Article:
Pastor to the Port

In the changing world of the Houston Ship Channel, one thing remains constant: Father Rivers Patout.

Some salty dogs have simple ambitions. The Reverend Mike McGraw, a Methodist minister at the center, saw three seamen walking toward Pasadena a few weeks ago. They were Latvians, fresh off the ship and out for the day. "I asked where they were going," he says. "They said, 'Wal-Mart.' So I gave them a ride."

It's not exactly a repeat of the tale of the Good Samaritan, but it's close enough for many of the port's visitors. Meanwhile, Patout's time is not entirely spent boarding ships, greeting captains and interceding for sailors. To keep the Seafarers' Center afloat he also has to glad-hand politicians and business moguls along the Ship Channel. He golfs with members of the Propeller Club, a shipping industry group, and keeps in touch with the necessary politicians. On a recent Tuesday, Patout visited ships along Barbours Cut near Morgans Point before hurrying to Brady's Landing for the monthly meeting of yet another industry group, the Transportation Club, where he was scheduled to give the pre-lunch blessing. After scarfing down lunch, he went to Harris County Commissioner Jim Fonteno's office, since he was to give the opening blessing at the weekly meeting of Commissioners Court.

Fonteno and Patout are old acquaintances dating back to the late 1960s and early 1970s, when Fonteno was a port commissioner. They shoot the breeze before the meeting, an exchange that includes a Patout joke involving a stutterer and a man with prostate cancer (the punch line: "I pee like you talk."), a discussion of the proposed dredging and widening of the Ship Channel and an update on the new bridge to replace the Baytown-La Porte Tunnel.

But the main topic is the old days. Patout tells a surprised Fonteno that Kirby McDowell, longtime leader of the National Maritime Union, recently died. "I buried him last week," Patout says, adding that the funeral should have been attended by county officials and received more than the minimal publicity it did. Fonteno mentions another old-time union leader, Paul Drozak of the Seafarers International, who died more than 10 years ago. "I buried him, too," Patout says.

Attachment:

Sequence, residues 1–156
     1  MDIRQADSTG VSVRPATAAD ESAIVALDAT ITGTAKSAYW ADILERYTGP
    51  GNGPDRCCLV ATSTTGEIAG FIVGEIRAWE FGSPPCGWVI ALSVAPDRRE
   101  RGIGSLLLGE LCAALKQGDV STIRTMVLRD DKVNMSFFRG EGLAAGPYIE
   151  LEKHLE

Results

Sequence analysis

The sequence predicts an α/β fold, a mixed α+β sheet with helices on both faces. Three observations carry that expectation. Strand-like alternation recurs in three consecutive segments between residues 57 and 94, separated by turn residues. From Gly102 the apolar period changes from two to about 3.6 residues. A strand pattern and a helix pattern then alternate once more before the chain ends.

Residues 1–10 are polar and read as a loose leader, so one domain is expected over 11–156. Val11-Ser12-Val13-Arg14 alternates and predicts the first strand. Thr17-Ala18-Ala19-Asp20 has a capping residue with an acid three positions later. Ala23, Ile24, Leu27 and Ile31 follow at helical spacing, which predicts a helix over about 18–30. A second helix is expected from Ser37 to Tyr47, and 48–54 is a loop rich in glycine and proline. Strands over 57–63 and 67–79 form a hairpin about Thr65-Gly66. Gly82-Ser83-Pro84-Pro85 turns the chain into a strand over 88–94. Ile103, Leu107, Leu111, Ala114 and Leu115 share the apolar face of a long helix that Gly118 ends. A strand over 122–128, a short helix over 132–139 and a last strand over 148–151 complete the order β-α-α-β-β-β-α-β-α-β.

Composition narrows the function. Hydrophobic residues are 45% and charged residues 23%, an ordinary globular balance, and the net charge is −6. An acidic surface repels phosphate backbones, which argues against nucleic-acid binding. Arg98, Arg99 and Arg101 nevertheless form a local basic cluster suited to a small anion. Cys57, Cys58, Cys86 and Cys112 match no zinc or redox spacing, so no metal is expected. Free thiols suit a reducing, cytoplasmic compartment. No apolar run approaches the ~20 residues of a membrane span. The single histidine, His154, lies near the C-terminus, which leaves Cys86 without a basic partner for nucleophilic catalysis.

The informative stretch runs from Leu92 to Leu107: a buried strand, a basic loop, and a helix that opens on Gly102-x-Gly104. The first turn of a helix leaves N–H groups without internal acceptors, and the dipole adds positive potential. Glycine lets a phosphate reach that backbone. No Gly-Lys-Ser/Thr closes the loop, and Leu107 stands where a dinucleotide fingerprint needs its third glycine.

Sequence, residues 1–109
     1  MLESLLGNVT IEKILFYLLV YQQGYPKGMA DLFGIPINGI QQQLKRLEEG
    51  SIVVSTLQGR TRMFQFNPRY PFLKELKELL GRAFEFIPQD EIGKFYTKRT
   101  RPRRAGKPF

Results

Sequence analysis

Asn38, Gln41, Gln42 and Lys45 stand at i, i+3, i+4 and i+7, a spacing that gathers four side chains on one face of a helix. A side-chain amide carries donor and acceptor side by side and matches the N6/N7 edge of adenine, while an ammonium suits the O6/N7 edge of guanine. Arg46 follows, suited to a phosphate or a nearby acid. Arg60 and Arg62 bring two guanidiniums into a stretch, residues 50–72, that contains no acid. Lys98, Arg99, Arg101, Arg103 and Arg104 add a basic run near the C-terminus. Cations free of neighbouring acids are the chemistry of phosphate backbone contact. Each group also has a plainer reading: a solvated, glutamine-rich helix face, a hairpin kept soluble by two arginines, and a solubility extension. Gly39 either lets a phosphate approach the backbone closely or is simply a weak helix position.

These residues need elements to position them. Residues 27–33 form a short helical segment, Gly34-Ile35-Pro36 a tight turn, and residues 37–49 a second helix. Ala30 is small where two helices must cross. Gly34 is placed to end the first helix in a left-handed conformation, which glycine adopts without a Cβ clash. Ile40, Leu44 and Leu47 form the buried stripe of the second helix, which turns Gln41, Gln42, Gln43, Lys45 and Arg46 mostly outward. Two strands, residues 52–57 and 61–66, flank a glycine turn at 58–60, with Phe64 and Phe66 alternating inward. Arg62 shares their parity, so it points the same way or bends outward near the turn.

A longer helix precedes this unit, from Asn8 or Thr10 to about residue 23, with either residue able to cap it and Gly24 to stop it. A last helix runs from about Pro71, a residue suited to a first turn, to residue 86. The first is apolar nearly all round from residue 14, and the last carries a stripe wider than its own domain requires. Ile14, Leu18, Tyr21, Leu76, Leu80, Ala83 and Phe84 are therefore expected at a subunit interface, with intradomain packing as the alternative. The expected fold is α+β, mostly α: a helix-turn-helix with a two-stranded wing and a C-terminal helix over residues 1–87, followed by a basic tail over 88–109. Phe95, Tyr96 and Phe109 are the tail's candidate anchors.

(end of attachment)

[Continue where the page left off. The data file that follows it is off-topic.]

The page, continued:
Later, Patout recalls how McDowell and Drozak had "their horror stories" about union struggles in the '50s and '60s. "Then they were negotiating from a tough point of view, whereas now the unions have almost no strength to negotiate from," he says. "The owners feel pretty much like they can do what they want and get away with it." After considering his comments, Patout qualifies his interpretation. "I think there's a real need for unions and I think there's a real abuse of power by unions," he says. "It's a cyclical thing."

Once through with his powwow with Fonteno, Patout heads out to bless the opening of commissioners court. County Judge Jon Lindsay introduces Patout and glibly plugs an upcoming fundraising gala for the Seafarers' Center. "Tell us about what's coming up next Saturday," Lindsay primes Patout as the priest stands at the speaker's podium. Patout mentions the gala and turns to the standing-room-only audience, which is waiting to hear the tax hike debated. "We'd love to have you come," he tells the crowd. "It's only a hundred and a quarter. That's cheaper than taxes." The remark triggers a burst of laughter that barely dies down as Patout begins his prayer.

The laughter aside, the gala is important to Patout. Though his salary and the salary of the other chaplains who work out of the Seafarers' Center are paid by their denominations, the fundraising is needed to make sure the rest of the center's costs are covered.

On a recent Monday night, Patout circulates through the more than 50 seafarers, ringing bells to announce an 8 p.m. Mass in the adjoining chapel. He gets seven takers, the other 50 or so preferring to drink beer, smoke cigarettes or watch television. Some nights nobody shows, and he has to cancel Mass. "It doesn't bother me at all," Patout says of the no-shows. "When I got into the priesthood I had no idea what I was going find, but I did want to serve people. I see that as not necessarily teaching them the Our Father or giving them communion."

In those early days, serving others was of such importance to Patout that he says he would have joined the Peace Corps, had it existed in 1960 when he graduated from Notre Dame. But it didn't, so now he lives to serve the seafarers, and appears to be as comfortable on his car phone driving down to Barbours Cut as he is saying mass or hearing confession. Jesus had a list of corporal works of mercy to go along with the spiritual works of mercy, so Patout feels servicing the worldly needs of the needy is fulfilling his calling.

"Taking people shopping, driving buses, helping them make phone calls are all corporal works of mercy, but I don't distinguish that from the spiritual motivation to do it," he says. And sometimes the activities are not mutually exclusive. Just last week Patout was leaving to run errands when he offered to drive a Filipino sailor downtown to the post office so he could mail a package to his sister for Christmas. That saved the sailor money over a special delivery service and led to the sailor discussing his trip to Fatima and asking Patout questions about his religious doubts. "I had started to do something with no suspicion it had a spiritual side and ended up having quite a deep conversation with this Filipino about his faith," says Patout.

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